The Australian producer of the box office smash Lion, Emile Sherman, and his English partner in See-Saw Films, Iain Canning, have signed a first-look production deal with Hollywood studio, New Regency. The pact brings together See-Saw, the Academy Award best picture winners for The King's Speech, and Arnon Milchan's company, the producers of recent best picture Oscar winners, including 12 Years A Slave and Birdman, and cements See-Saw's status as a global player.
Two major Australian films with international aspirations have been unwittingly delayed by the controversy surrounding Hollywood producer Harvey Weinstein. Australian director Garth Davis's follow-up to his Academy Award-nominated real-life drama Lion, Mary Magdalene, starring Rooney Mara, and the thriller Hotel Mumbai starring Dev Patel and Armie Hammer, had both been picked up for international distribution by The Weinstein Company.
"There's no precedent for this stuff," says a veteran theatre actress. "Every single person, male and female, is going over in their mind every heated conversation or interaction they've ever had with directors or co-workers," says another well-travelled actor. The entertainment industry is scrambling as allegations of sexual harassment and indecent assault emerge.
Muck Rack makes it simple to find people, tweets, or articles that mention any name, keyword, company, hashtag etc. We've compiled this guide to help you make the most of your search.
Selecting a term
Start searching tweets, articles from media outlets, articles mentioned in tweets, journalists'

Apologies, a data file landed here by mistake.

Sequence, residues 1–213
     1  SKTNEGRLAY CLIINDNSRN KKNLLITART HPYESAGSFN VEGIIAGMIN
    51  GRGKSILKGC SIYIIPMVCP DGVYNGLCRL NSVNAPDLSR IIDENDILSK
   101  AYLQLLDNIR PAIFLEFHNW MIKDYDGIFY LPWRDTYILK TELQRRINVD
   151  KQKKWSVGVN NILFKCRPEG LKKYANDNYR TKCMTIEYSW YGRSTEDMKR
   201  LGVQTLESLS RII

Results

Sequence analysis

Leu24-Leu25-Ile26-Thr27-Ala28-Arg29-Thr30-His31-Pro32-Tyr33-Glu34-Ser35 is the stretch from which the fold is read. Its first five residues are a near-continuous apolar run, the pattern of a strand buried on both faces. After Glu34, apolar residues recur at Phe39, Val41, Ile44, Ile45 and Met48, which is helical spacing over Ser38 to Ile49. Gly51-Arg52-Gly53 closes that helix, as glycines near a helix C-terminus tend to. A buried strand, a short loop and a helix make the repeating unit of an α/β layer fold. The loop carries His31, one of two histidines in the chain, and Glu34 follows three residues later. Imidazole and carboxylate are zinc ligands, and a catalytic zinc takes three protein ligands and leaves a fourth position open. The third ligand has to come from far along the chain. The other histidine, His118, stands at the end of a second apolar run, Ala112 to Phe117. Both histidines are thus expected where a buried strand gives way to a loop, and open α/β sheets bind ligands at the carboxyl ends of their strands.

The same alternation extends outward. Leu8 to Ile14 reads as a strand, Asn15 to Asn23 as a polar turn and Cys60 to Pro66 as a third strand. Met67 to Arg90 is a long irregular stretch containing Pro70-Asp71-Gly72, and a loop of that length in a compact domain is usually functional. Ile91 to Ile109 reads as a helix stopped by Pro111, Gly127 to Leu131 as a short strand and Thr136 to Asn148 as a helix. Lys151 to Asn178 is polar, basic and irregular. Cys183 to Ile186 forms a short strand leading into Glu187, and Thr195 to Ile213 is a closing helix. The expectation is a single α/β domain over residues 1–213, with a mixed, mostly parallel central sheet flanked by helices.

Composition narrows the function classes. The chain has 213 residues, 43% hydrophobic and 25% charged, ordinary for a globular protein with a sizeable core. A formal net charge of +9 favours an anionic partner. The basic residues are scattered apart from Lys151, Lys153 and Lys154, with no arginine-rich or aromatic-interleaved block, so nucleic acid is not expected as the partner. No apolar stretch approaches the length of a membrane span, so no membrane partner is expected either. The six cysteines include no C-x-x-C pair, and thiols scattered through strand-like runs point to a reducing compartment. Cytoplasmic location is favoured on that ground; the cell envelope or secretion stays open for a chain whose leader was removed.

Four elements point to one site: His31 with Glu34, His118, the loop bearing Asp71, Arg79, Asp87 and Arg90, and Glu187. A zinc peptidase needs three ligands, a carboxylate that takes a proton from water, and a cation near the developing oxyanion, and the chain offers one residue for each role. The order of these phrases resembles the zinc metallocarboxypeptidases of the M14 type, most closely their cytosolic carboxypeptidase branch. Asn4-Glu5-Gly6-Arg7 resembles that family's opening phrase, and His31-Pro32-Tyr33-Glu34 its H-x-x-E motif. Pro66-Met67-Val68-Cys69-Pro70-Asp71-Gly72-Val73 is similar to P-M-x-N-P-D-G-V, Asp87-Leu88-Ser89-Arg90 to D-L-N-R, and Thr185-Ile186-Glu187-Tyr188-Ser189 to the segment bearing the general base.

names, titles and bios with some suggested searches:
Companies or Topics (e.g. iPhone, Microsoft)
Phrases (e.g. "cloud computing") — use quotes to keep the terms together
Twitter handles (e.g. @username) — returns those who have mentioned or replied to
Names (e.g. "David Pogue")
Hashtags (e.g. #sxsw, #london2012)
Bio details (e.g. vegan, Olympics, father)
Muck Rack's Advanced Search allows for many boolean operators.
Find results that mention multiple specified terms, use AND or
+. For example, ensure each result contains both Elon Musk and Mark Zuckerberg by
searching Musk AND Zuckerberg or Musk + Zuckerberg.
Use the operators OR or , to broaden your search when you'd like either of
multiple terms to appear in results. (This is the default behavior of our search when no operators
are used). For example, results will contain either cake or cookie by searching cake OR cookie or cake,cookie
Use NOT or - to subtract results from your search. For
example, searching Disney will yield results about the Walt Disney Company as well as Walt Disney
World Resort. To exclude mentions of Disney World, search for Disney -World or Disney
When using one of these operators with a phrase, enclose it in quotation marks. For example, you can
find results about smartphones excluding Apple's iPhone 4S by searching smartphone -"iPhone
Exact case matching or punctuation
If you're searching for a brand name or keyword that relies on specific punctuation marks or capitalization, you can
find results that match your exact query by adding matchcase: before the keyword you're searching for, like matchcase:E*TRADE .
Use parentheses to separate multiple
boolean phrases. For example, to find journalists talking about having fun in Disney World or
Disneyland, search for ("disney world" OR disneyland) AND fun.
An asterisk can be used to search for any variation of a root word truncated by the asterisk. For example, searching for admin* will return results for administrator, administration, administer, administered, etc.
A near operator is an AND operator where you can control the distance between the words. You can vary the distance the near operation uses by adding a forward slash and number (between 0-99) such as strawberries NEAR/10 "whipped cream", which means the strawberries must exist within 10 words of "whipped cream".